The whole present day narrator investigating the past is such a common troupe in historical fiction and a lot of the time it’s just not well done (also thinking of The Life She Was Given) but I didn’t mind it too much in this book. In my opinion, this troupe doesn’t always add something meaningful to the story, but I do think this element worked in this book because of the way that families were torn apart and how it took many families generations to reunite, if at all. Audiobooks also tend to make the writing seem a little cheesy and there were definitely parts where I rolled my eyes, but overall this translated well in audiobook and I thought the narrator was fantastic.
Let’s get into the plot. Before We Were Yours focuses on a little known piece of American history that is both fascinating and horrifying. The story starts in Tennessee in 1939 and looks at real-life individual Georgia Tann and her work with the Tennessee Children’s Home. Rill Foss and her 4 siblings have grown up as river gypsies, living in a house boat, running their way up and down the Mississippi River. At the beginning of the novel, their mother is about to give birth with the help of a midwife, but things become complicated when they discover she’s actually pregnant with twins and the midwife forces her to go to a hospital to deliver the babies. The rest of the children spend the night on the river boat with Rill in charge.
However, the following day the police show up and basically kidnap them before dropping them off at the Tennessee Children’s Home. Rill has no idea what happened to her parents or why they’ve been forced to stay at the Children’s Home, but does her best to keep her siblings together, despite the horrors they start to experience.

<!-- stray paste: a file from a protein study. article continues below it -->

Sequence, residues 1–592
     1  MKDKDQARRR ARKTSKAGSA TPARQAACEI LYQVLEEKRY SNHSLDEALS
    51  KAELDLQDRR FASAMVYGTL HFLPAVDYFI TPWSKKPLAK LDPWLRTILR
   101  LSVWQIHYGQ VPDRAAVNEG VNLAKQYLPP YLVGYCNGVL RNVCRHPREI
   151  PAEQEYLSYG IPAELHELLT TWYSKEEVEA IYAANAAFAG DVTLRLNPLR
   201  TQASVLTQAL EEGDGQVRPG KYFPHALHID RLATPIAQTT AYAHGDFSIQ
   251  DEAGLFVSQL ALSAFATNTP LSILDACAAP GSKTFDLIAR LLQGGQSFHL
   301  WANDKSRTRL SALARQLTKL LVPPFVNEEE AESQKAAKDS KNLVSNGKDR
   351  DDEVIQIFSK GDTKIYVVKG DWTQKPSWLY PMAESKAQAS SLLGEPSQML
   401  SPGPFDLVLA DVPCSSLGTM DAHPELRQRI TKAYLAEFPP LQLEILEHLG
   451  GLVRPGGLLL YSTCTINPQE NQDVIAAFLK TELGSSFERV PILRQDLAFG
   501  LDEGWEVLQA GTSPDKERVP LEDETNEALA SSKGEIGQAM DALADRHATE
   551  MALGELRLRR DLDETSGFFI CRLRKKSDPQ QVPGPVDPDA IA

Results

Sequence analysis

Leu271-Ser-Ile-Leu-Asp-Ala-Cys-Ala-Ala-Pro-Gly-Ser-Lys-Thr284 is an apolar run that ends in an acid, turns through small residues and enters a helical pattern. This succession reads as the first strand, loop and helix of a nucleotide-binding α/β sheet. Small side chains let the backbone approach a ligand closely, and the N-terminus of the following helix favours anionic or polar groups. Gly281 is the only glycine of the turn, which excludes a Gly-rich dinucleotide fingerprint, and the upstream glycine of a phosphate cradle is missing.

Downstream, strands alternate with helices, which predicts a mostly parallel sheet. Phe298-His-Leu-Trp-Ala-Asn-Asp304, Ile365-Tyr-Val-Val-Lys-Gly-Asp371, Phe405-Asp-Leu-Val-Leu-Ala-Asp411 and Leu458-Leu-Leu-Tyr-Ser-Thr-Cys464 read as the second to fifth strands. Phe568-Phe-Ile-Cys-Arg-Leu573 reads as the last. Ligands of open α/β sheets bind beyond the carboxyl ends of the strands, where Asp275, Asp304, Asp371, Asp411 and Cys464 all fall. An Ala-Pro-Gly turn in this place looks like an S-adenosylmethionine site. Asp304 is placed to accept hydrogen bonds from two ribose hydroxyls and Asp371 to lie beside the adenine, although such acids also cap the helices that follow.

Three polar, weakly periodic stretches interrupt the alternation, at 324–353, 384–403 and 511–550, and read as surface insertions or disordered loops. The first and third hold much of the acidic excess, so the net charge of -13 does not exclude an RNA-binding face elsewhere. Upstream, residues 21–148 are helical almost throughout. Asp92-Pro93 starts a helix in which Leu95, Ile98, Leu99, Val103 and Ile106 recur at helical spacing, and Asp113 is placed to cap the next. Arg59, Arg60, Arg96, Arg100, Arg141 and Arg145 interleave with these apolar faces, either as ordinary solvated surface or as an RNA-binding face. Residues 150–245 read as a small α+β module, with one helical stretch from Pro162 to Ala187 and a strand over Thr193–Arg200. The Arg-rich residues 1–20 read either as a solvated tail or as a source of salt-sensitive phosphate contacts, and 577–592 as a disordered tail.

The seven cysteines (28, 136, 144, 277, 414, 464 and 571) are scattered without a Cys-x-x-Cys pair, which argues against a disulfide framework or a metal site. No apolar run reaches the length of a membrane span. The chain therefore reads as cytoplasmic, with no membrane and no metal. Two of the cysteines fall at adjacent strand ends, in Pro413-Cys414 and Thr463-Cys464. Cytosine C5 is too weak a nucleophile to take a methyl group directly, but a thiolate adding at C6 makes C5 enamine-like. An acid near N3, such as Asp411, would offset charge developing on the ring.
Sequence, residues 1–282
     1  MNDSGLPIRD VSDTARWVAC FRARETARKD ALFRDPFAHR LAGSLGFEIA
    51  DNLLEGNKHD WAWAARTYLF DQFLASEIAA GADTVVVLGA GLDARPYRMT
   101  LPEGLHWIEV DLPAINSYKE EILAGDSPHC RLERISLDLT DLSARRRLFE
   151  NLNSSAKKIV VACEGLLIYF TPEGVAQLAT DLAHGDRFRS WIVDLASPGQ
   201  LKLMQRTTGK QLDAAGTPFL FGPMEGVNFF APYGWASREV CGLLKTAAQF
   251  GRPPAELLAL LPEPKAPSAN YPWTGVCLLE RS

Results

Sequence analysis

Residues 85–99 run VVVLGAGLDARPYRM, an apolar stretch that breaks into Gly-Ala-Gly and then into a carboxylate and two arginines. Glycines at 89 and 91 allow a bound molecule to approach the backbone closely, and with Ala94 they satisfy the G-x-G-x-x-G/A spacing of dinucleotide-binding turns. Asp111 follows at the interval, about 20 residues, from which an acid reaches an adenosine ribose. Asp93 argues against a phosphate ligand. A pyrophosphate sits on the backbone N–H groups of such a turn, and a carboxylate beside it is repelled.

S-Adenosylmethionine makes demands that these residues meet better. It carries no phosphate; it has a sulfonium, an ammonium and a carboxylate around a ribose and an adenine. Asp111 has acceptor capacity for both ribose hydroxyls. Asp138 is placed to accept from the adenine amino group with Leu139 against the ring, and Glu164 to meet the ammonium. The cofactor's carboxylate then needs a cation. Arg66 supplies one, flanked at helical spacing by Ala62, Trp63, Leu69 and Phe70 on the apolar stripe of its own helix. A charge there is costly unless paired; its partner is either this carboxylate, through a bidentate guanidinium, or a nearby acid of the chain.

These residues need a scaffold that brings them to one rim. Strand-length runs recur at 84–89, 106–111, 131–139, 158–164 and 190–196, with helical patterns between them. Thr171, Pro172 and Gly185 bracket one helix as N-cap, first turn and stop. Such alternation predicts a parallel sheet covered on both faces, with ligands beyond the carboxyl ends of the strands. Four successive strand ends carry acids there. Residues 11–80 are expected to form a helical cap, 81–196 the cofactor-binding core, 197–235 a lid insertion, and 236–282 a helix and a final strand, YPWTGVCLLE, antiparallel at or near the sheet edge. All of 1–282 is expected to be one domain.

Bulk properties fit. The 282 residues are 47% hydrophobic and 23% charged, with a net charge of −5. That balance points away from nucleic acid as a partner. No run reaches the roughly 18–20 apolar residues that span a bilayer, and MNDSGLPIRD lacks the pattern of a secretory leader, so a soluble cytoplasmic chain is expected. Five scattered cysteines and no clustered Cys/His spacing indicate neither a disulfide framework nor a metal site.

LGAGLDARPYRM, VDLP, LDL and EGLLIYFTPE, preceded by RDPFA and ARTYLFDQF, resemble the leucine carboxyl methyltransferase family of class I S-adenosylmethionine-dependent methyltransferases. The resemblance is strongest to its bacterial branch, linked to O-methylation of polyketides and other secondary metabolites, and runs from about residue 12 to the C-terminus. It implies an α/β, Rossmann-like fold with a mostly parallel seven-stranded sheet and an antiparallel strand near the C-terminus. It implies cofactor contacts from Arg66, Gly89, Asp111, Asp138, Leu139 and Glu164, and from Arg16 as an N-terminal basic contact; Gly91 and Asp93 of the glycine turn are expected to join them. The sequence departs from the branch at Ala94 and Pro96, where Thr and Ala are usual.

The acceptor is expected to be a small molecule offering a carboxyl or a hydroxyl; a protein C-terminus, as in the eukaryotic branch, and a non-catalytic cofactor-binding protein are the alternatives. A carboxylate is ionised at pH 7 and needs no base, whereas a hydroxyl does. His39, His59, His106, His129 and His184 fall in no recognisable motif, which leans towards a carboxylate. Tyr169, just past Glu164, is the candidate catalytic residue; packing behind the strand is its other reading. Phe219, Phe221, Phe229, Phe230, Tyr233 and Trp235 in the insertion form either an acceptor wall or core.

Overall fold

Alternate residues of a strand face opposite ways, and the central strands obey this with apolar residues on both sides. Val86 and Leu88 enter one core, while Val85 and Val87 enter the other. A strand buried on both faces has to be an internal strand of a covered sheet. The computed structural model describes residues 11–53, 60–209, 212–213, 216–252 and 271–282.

At the same time, we’re learning about Avery Stafford. A wealthy young lawyer who has returned to her childhood home in South Carolina to be groomed to take over her father’s role as a senator. On a political visit to a senior’s home, she bumps into a old woman named May who seems to know her grandmother and is drawn into a decades old mystery of how these women are connected and what threat this mystery might pose to Avery and the Stafford family in her bid for senator.
Georgia Tann is a real life woman who is often known as the “mother of modern adoption”. She ran the Tennessee Children’s Home, which took care of orphans and children whose parents were too poor to properly take care of them or who turned them over to the state for care. Tann oversaw the care of the children and worked to find them all loving homes (for a price). But what was not known until later is the horrifying conditions the children were forced to live in, the ways they were abused, how they were exploited for financial gain, and the horrifying circumstances through which many of the children were obtained.